Some runners go to extreme lengths for a comfortable run; they have their toenails surgically removed. While beat-up toenails are marks of distinction for the ultra-marathon runners, toenail injuries are serious business. Blistering under the nails, bruising, ingrown and lost toe nails effect the gait and cause suffering. Pain and the love of the sport are enough to motivate drastic measures.
Permanent toenail removal is not for the faint-hearted. Runners tend not to watch as they undergo the 45-minute procedure. A podiatrist anesthetizes the tip of the toe, applies a tourniquet at the base to limit bleeding, softens the tissue, trims the nail to its root and then pulls the nail out from its bed. A final swipe of carbolic acid prevents regrowth.
Normal activity, even running, can be resumed within days of the removal, although it takes weeks to fully heal. Repeat procedures may be necessary before the toenail stops growing back completely.
Andy Newman and Barnaby, his basset hound with a trace of beagle, set out on a marathon walk around his block in Brooklyn. He was never more than 416 feet from home “a feat that has never been attempted in the history of extreme sport.” Barnaby made it through the first 22 laps. Newman devised this adventure during a routine outing to accommodate Barnaby’s ‘call of nature’. He timed it for the day after New York’s 2009 marathon of 40,000 people running, walking or wheeling their way through five boroughs.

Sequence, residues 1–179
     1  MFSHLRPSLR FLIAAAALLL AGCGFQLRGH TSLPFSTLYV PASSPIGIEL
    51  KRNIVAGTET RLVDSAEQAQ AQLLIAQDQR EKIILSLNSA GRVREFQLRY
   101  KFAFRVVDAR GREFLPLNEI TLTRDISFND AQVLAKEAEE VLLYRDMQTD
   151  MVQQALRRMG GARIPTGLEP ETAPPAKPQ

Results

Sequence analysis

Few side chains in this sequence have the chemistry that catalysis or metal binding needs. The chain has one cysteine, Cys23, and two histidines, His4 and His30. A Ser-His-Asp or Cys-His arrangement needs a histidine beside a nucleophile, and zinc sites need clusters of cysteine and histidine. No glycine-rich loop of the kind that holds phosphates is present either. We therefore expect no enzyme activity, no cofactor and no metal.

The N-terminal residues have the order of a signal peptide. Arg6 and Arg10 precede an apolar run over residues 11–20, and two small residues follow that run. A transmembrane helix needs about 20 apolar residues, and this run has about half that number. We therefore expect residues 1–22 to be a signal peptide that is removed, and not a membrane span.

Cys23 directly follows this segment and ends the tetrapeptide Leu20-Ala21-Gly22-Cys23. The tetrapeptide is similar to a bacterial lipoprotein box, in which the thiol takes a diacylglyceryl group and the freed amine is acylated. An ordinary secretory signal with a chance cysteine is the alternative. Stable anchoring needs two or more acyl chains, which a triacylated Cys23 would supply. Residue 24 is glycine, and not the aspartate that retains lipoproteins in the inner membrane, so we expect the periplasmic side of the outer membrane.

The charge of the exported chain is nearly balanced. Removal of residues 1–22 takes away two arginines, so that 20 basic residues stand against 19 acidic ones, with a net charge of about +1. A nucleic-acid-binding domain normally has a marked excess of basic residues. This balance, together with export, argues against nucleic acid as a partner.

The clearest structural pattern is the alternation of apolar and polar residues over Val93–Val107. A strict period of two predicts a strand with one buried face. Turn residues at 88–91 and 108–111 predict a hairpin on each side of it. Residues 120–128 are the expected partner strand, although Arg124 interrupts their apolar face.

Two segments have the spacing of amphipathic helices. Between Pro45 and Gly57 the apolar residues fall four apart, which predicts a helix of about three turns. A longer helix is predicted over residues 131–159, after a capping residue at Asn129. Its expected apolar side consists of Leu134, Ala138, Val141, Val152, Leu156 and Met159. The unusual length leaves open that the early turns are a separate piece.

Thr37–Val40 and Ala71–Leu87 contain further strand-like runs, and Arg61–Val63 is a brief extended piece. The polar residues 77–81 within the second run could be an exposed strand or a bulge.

Newman’s marathon was a frame by frame contemplation of the static and active aspects of his neighborhood. What he discovered that marathon day were the stuff of small “L” life:
- Remembering neighbor’s names, reflecting on their homes, on long surviving businesses alongside new ones, on a rocking Pentecostal church, on and on as he went.
- The gentle tap of construction hammers on a new building louder as he approached, dimmer after passing by
- A young girl walking her dog while reading a book
- People who simply stare out from their homes
- An ice cream lady 100 feet from his house
- A box of books open to takers, gradually diminishing
- A suspicious man, a woman nursing a beer, a hipster in headphones
- The number of steps from his house to the intersections
- That a newly opened spa could do a pedicure on lap 50 – “digging 18 miles of road from under his toenails.”
For the last lap, Newman roused Barnaby from a deep sleep to join him. Halfway around the ultimate block, Newman met a man walking his dachshunds and he announced completion of the 75 block effort. The man’s response: “And he still won’t go?”
Adapted from: http://www.nytimes.com/2009/11/01/nyregion/01marathon.html?pagewanted=all&_r=0